Generally, walnut wood is straight-grained, though it may occasionally exhibit waves or curves that provide character to a work.

Is Walnut a Hardwood or a Softwood?

A frequent misunderstanding concerning hardwood vs. softwood is that it shows the wood's toughness or resistance to damage, such as scuffing or denting. Indeed, the name "hardwood" denotes wood that originated from a dicot tree, such as a broad-leaf variety, whereas "softwood" denotes wood that originated from gymnosperm trees, such as conifers. As a result, the most common softwoods are pine, fir, and cedar, whereas the most frequent hardwoods are walnut, cherry, maple, and oak.

How Dense/Hard is Walnut Wood?

Those concerned about wood's durability may also use the term "hardness," however this is referring to the Janka hardness test. A steel ball is placed on a block of wood and force is exerted until the ball is partially lodged. The force is expressed in pounds-force (lbf) or as a numerical value preceded by the word "Janka." Wood types may be rated on the basis of their "side hardness," which is determined by running a test perpendicular to the grain, or on the basis of their "end hardness."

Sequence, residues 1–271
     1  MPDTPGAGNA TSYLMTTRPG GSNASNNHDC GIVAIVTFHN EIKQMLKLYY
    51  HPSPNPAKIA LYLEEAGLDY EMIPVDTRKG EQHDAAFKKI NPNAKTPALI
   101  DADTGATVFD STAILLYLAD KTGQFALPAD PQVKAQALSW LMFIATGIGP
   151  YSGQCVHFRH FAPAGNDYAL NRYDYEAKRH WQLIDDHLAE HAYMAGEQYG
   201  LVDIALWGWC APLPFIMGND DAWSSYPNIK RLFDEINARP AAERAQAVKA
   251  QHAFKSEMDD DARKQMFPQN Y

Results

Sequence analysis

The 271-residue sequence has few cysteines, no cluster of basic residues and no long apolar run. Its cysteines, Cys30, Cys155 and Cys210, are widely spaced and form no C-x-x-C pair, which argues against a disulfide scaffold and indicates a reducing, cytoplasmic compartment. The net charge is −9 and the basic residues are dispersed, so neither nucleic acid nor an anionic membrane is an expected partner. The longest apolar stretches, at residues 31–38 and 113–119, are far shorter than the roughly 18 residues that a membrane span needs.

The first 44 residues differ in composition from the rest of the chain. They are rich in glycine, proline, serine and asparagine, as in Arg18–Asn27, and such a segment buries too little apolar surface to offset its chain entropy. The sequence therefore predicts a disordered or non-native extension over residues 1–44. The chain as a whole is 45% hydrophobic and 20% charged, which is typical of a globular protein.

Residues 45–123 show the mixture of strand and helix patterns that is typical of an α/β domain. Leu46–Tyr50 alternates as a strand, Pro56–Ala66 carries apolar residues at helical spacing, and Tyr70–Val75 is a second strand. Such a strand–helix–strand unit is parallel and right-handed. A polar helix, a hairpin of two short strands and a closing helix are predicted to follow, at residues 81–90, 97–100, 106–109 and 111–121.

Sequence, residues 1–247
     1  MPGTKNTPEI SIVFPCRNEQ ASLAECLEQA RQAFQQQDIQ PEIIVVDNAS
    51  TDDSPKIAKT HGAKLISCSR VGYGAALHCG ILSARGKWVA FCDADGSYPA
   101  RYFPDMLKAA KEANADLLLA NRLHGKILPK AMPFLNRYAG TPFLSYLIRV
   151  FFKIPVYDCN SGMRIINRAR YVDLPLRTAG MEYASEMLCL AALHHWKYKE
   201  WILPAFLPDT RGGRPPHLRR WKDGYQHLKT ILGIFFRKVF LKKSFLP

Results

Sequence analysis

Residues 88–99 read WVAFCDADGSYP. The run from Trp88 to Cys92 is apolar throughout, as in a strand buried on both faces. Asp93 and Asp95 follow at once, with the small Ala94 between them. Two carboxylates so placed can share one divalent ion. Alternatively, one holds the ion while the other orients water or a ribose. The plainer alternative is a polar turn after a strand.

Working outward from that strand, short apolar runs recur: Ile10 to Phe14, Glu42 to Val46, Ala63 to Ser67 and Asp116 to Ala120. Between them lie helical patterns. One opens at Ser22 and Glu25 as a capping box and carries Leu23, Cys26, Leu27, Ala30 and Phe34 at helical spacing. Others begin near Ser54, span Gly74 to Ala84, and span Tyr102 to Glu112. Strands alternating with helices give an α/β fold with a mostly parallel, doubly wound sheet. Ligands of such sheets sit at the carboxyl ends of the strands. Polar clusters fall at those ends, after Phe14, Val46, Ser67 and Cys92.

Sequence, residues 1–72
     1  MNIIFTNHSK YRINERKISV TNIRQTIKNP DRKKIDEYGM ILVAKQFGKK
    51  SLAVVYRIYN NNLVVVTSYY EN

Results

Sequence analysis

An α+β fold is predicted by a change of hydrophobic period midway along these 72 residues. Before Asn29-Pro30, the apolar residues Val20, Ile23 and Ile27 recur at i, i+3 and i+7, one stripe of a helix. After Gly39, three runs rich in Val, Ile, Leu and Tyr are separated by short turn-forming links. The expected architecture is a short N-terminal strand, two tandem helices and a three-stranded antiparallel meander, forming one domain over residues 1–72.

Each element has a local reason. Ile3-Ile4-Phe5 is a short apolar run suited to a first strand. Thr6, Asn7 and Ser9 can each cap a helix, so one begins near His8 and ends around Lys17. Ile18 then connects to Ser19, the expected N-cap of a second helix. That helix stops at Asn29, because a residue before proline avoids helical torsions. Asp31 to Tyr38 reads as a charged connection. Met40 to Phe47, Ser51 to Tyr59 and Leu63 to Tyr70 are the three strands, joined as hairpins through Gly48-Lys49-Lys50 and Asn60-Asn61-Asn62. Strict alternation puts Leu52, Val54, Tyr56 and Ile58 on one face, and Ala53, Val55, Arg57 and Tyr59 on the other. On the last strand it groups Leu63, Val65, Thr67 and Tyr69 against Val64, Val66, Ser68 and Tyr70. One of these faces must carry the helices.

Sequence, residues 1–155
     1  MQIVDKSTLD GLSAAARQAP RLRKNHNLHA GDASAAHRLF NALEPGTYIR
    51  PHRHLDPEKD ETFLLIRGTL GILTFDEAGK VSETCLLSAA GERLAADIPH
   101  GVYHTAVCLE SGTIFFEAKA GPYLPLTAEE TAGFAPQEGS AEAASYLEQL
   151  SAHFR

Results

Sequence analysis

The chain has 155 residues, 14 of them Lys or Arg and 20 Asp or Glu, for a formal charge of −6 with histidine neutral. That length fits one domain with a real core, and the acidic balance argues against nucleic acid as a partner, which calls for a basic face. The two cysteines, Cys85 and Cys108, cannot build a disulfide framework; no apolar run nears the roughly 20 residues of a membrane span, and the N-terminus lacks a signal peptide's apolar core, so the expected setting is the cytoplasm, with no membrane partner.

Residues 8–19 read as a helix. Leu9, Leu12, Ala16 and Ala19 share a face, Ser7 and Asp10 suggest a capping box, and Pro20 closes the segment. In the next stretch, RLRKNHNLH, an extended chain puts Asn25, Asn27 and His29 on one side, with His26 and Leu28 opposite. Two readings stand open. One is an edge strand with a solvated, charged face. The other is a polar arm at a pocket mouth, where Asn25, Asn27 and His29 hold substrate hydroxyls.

The density of walnut wood is 1,010 lbf or 1,010 Janka. By comparison, cherry has a Janka value of 995, hard maple has a Janka value of 1,450, white oak has a Janka value of 1,360, and red oak has a Janka value of 1,290.

Where Does Walnut Wood Come From?

There are numerous varieties of walnut trees. Our craftspeople at TY Fine Furniture work solely with exquisite Eastern Black Walnut (juglans nigra).

Where Do Eastern Black Walnut Trees Grow?

Direct sunlight and well-drained soil are ideal conditions for black walnut trees. Although they are distributed throughout the eastern United States and eastern Canada, the healthiest and most renowned walnut trees are found in the American Midwest, particularly in Ohio, Illinois, and Indiana.

These trees grow higher and thicker than trees in other growth locations, resulting in more vibrantly colored lumber with more uniform grain patterns. This region provides the lumber for our walnut wood furniture.

Here at TY Fine Furniture, we source all our walnut lumber from local sustainably managed forests, in fact most of our lumber comes from within 50 miles of our woodshop. 

How Big Are Eastern Black Walnut Trees?

Eastern black walnut trees mature at approximately 150 years of age. At this stage, some reach heights of 150 feet and diameters of up to 8 feet. Their root systems are also fairly extensive, and they emit a toxin that inhibits the growth of vegetation up to 50 feet from the trunk.

How Can I Tell if the Furniture I Have is Real Walnut Wood?

The easiest approach to determine whether a piece of furniture is produced from genuine walnut wood is to purchase it from a reputed furniture maker, simply because many varieties of wood seem identical or can be altered to resemble another type. Having said that, there are a few telltale signs of faux walnut wood.

To begin, an original item would typically have some color variation, even across individual boards, due to the fact that walnut is not typically stained. Additionally, the grain will be straight, with some curls.

Veneered Walnut Furniture vs Solid Walnut Furniture